... on the Eccentricity of Champions
There is one characteristic that elevates true champions above others - "ECCENTRICITY!"
I can't speak for other champions, but during my competitive heyday, I did things that many would say was a bit "abnormal." Consider the following.
First of all, it must be understood that practices at my high school were very, very intense. (I guess that's why our mentor, Mal Paul, is still referred to as one of the greatest coaches in the annals of Pennsylvania schoolboy wrestling.) But my desire to excel didn't end at the close of daily workouts.
In the evening hours, I made it a point to run an extra five miles in leather street shoes. (There was no such thing as running footwear back then.) And when it snowed, I put galoshes over these same clogs and trudged through mounds of whiteness. Often during these treks, my scholastic acquaintances would drive past, smothering me with cute remarks and various cat calls. I just nodded congenially and kept on truckin'.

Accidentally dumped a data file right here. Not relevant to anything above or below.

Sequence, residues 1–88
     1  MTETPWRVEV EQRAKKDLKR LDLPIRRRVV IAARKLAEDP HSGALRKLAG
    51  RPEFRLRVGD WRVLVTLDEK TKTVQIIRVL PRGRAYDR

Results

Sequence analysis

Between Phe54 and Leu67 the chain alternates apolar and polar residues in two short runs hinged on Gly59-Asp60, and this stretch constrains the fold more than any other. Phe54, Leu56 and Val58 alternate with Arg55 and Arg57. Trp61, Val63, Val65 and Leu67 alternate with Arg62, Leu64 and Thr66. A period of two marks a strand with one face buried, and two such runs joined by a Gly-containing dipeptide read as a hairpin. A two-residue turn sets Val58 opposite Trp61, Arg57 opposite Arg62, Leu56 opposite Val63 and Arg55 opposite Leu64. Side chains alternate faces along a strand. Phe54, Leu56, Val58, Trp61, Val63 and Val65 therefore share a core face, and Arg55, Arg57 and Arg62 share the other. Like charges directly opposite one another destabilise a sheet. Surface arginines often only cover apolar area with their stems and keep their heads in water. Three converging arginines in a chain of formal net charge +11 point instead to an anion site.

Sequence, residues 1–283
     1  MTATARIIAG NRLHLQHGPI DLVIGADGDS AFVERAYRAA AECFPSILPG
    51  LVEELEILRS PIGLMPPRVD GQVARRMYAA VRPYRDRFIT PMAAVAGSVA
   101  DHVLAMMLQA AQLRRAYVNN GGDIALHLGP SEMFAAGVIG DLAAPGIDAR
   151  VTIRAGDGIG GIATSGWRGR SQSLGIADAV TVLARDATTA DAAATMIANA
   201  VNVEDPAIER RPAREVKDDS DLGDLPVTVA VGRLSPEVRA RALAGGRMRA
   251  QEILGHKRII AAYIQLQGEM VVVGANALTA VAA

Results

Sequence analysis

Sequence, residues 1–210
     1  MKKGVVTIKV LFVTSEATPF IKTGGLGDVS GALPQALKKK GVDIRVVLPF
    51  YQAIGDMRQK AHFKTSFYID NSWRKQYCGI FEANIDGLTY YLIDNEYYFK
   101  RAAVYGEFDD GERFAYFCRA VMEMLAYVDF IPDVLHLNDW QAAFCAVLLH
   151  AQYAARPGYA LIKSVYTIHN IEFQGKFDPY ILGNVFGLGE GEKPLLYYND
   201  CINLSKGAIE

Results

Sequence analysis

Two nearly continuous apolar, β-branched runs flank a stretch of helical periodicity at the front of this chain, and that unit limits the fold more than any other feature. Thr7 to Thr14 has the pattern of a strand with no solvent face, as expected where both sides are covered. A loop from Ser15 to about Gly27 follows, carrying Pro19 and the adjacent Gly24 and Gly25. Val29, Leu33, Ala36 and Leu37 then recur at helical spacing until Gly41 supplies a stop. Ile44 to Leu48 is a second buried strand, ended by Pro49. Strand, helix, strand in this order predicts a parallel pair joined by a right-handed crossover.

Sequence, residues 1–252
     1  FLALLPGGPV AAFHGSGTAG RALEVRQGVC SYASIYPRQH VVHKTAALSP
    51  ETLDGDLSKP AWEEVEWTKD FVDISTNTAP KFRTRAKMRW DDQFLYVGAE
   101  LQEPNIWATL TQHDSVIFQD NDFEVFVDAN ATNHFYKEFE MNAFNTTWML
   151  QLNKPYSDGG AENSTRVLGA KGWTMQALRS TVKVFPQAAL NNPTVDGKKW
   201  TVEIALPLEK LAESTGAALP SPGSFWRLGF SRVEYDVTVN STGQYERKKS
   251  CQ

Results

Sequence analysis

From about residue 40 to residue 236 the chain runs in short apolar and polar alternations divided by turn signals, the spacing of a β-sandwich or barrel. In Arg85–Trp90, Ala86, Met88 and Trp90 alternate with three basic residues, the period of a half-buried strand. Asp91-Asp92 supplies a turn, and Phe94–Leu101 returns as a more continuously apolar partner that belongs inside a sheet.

Moreover, I'd always finish my nightly stride-and-sprint work by the school's gymnasium. If there was something going on inside, I would head for the 30-foot rope and climb it twice, without stopping, without touching the floor, and without using my legs. If the facility was unoccupied and locked, I knew how to open the doors and then I climbed the rope in darkness. Once I even broke the door in my frenzy to make the climb. Dad wasn't too excited about paying that bill, and I paid dearly at home, but I still kept climbing - on the sly.
Finally, my older brother Floyd and I often practiced after practice on the blanket-covered living room floor. I'm glad Dad was overseeing us the evening I broke Mom's vase. He took the heat that night, as Floyd and I slithered into the bedroom to quietly lift weights. We pumped iron for muscle-endurance three days a week.
Yes, I was a little crazy in those days; some say I still am. But champions are eccentric, and Floyd and I wanted to join their ranks - we got our wish.
By the way, Dad still smiles when he glances at the vase he gallantly mended (or else) years ago, and so does Mom -- sometimes.
Updated August 24, 1997